Mastering Inclusive Language: A Guide for DEI Consultants

March 21, 2024

That old saying, “Sticks and stones may break my bones, but words will never hurt me” is misguided and false. Words have power. They can soothe someone who is in pain, or uplift someone who is feeling down. They can also have the opposite effect, by making people feel left out, lesser than, or ashamed. In the workplace, words can be used to unite or empower a team…or they can be used to sow division, exclude, or diminish certain voices.

Working in the diversity, equity, and inclusion (DEI) industry, I have witnessed how inclusive language can make an incredible difference in an organization. This goes beyond avoiding blatantly racist, sexist, or other offensive words and phrases (although that’s important too!). Rather, this means making an effort to use language that is welcoming and fostering a culture that acknowledges and embraces differences.

While it’s impossible to talk about all the nuances of language in a brief blog post, I will highlight some of the ways to improve your language inclusivity. Here are 5 suggestions:

Learn About and Cut Micro-Aggressions

Some language is subtly exclusionary or offensive without being overtly discriminatory. These are known as micro-aggressions, and they can have a significant impact on individuals in the workplace. It’s essential to educate yourself about different types of micro-aggressions and work to eliminate them from your vocabulary. Be sure to pay attention to the “tone” of a statement, in addition to what is being said.

Use Person-First Language

Person-first language can be defined as describing someone by their individuality rather than defining them by their identity. This means using phrases such as “a person with a disability” instead of “a disabled person” or “an individual who is transgender” instead of “a transgender individual.” Person-first language puts the person before the label, emphasizing their humanity and promoting inclusivity. By using person-first language, you acknowledge and respect the person’s identity while avoiding stereotypes or assumptions. It is a small yet powerful way to create a more inclusive and respectful workplace environment.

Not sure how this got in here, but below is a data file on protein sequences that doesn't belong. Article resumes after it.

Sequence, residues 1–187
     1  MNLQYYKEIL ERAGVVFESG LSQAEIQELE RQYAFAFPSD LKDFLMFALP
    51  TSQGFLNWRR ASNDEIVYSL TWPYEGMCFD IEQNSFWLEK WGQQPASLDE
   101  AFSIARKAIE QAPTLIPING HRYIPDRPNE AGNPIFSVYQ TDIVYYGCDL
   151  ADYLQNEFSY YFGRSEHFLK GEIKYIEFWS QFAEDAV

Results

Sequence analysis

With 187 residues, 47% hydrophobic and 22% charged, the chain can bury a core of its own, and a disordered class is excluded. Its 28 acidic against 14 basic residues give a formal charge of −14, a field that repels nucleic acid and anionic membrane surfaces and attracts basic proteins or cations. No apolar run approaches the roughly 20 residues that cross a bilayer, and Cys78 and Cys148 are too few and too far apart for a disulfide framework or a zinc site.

Respect Individual Identities

Every person is comprised of a kaleidoscope of identities, and it’s a good idea to not make snap judgments or assumptions about their identities. Instead, take the time to respect and acknowledge the unique identities of each individual. Avoid making assumptions or generalizations based on someone’s identity, and instead, take the time to listen and understand their individual story. Respect their preferred pronouns, names, and cultural practices. Creating a safe space where everyone feels seen and heard fosters a sense of belonging and allows for a more authentic workplace environment.

Use Inclusive Terms

Replace discriminatory or stigmatizing language with inclusive alternatives. For instance, use “partner” instead of “husband” or “wife” to be inclusive of various relationship types. Or, use gender-neutral language instead of assuming someone’s gender. Additionally, avoid language that reinforces stereotypes or biases, and instead, use terms that are inclusive and respectful. For example, instead of using terms like “young” or “old,” use “younger” or “older” to avoid ageism. By consciously choosing inclusive language, you create a more welcoming and supportive workplace environment for all individuals, regardless of their identities or backgrounds.

Educate Yourself

Language use and standards are constantly evolving, so this topic falls under the category of “life-long learning.” But don’t let that discourage you from trying! Your efforts could make an enormous difference to those around you. Instead, turn to resources such as the American Psychological Association’s Inclusive Language Guide to learn more about inclusive language and the proper use of terms. Stay updated on current research, articles, and discussions on the topic. Engage in conversations with colleagues, attend workshops, or participate in training sessions focused on inclusive language to keep learning and stay up to date.

When using inclusive language, it’s important to be open to feedback and willing to learn from your mistakes. No one is perfect, and it’s inevitable that you may slip up or unintentionally use language that is exclusionary. If someone points out an error, listen with an open mind and apologize if necessary. Use it as an opportunity to reflect and grow. By continually educating yourself and adapting your language, you can contribute to a workplace environment that values and includes all individuals.

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